Complainant contends that the disputed domain names are identical or confusingly similar to Complainant’s ZIPRECRUITER trademark, that Respondent has no rights or legitimate interests in respect of the disputed domain names, and that the disputed domain names have each been registered and are being used in bad faith.
Respondent did not reply to Complainant’s contentions.
“A Panel shall decide a complaint on the basis of the statements and documents submitted and in accordance with the Policy, these Rules and any rules and principles of law that it deems applicable.”
Paragraph 4(a) of the Policy directs that the complainant must prove each of the following:
(i) that the domain name registered by the respondent is identical or confusingly similar to a trademark or service mark in which the complainant has rights; and
(ii) that the respondent has no rights or legitimate interests in respect of the domain name; and
(iii) that the domain name has been registered and is being used in bad faith.
Each of the disputed domain names consists of the Complainant’s registered ZIPRECRUITER trademark followed by the various generic Top-Level Domains (“gTLDs”) in which Respondent affected the registration. When a registered domain name consists solely of a registered trademark and the gTLD suffix, panels have long held that the disputed domain name is identical to the registered trademark. Accordingly, the Panel finds that each of the disputed domain names is identical to Complainant’s registered ZIPRECRUITER trademark.
While the overall burden of proof in UDRP proceedings is on the complainant, UDRP panels have recognized that proving a respondent lacks rights or legitimate interests in a domain name may result in the often impossible task of “proving a negative”, requiring information that is often primarily within the knowledge or control of the respondent. As such, where a complainant makes out a prima facie case that the respondent lacks rights or legitimate interests, the burden of production on this element shifts to the respondent to come forward with relevant evidence demonstrating rights or legitimate interests in the domain name. If the respondent fails to come forward with such relevant evidence, the complainant is deemed to have satisfied the second element. WIPO Overview of WIPO Panel Views on Selected UDRP Questions, Third Edition (“WIPO Overview 3.0”), section 2.1.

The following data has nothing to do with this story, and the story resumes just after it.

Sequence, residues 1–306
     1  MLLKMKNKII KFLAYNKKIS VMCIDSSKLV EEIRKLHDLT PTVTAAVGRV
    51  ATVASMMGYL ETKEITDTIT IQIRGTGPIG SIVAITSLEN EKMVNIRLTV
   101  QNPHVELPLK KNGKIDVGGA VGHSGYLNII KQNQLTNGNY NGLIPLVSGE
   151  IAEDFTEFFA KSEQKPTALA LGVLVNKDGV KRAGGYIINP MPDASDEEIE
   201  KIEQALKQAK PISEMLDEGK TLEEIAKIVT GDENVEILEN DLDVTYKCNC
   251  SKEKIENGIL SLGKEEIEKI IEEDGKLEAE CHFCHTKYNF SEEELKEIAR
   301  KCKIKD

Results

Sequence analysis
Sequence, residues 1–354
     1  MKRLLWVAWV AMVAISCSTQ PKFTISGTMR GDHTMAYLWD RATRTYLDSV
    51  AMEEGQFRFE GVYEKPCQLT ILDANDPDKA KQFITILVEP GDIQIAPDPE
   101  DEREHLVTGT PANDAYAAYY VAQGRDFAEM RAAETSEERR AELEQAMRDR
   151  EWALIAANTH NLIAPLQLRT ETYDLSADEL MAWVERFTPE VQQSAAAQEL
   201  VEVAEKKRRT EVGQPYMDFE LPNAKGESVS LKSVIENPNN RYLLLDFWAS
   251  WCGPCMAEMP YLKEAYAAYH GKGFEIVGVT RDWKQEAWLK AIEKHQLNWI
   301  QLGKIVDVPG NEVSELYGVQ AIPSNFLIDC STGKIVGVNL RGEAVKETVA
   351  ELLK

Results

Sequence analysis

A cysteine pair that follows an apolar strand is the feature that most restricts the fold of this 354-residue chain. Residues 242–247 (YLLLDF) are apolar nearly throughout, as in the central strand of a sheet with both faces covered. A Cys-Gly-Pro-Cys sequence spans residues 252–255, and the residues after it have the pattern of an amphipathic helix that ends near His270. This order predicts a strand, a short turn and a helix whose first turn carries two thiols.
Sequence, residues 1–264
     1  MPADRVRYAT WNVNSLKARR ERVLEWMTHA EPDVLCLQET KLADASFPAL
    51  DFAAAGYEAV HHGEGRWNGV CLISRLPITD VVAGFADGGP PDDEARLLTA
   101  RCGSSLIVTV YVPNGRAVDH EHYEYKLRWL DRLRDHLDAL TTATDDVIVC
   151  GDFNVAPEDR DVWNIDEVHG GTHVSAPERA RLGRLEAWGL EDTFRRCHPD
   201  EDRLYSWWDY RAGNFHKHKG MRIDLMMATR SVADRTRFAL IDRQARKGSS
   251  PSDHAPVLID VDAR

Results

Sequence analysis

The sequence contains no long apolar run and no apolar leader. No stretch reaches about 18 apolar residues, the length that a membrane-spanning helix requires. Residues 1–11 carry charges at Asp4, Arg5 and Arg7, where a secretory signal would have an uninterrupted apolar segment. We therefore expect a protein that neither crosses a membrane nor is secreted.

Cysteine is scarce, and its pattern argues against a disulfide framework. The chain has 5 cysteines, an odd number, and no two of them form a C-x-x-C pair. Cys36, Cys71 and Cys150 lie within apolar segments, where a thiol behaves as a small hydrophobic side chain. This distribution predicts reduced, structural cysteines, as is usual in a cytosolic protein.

In the present case Complainant alleges that Respondent has no rights or legitimate interests in respect of the disputed domain names and Respondent has failed to assert any such rights. Accordingly, the Panel finds that Respondent has no rights or legitimate interests in respect of the disputed domain names.
Respondent is not using any of the seven disputed domain names to resolve to a web site. One of the earliest decisions made at the outset of disputes being determined under the UDRP involved just such a situation. Telstra Corporation Limited v. Nuclear Marshmallows, WIPO Case No. D2000-0003. In that case the panelist held that where a trademark had a strong reputation and was widely known, and where respondent had provided no evidence of any actual or contemplated good faith use of the disputed domain name, and where it was impossible to conceive of any good faith use to which the disputed domain name could be put, then the disputed domain name had been registered and was being used in bad faith.
In the present matter, all of the above facts are also present. In addition, Complainant has sent Respondent a cease and desist letter to which Respondent failed to reply. Accordingly, the Panel finds that the disputed domain names have been registered and are being used in bad faith.
For the foregoing reasons, in accordance with paragraphs 4(i) of the Policy and 15 of the Rules, the Panel orders that the disputed domain names <ziprecruiter.host>, <ziprecruiter.ink>, <ziprecruiter.press>, <ziprecruiter.pro>, <ziprecruiter.pw>, <ziprecruiter.store>, and <ziprecruiter.top> be transferred to Complainant.
M. Scott Donahey
Date: January 7, 2020